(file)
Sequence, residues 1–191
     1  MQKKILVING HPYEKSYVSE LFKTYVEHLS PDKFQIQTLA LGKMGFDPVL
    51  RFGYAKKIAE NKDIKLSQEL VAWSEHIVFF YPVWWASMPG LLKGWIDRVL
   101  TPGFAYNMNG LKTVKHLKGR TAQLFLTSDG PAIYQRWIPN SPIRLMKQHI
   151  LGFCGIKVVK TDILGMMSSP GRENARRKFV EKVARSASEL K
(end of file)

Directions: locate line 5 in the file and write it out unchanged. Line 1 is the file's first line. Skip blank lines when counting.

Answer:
   151  LGFCGIKVVK TDILGMMSSP GRENARRKFV EKVARSASEL K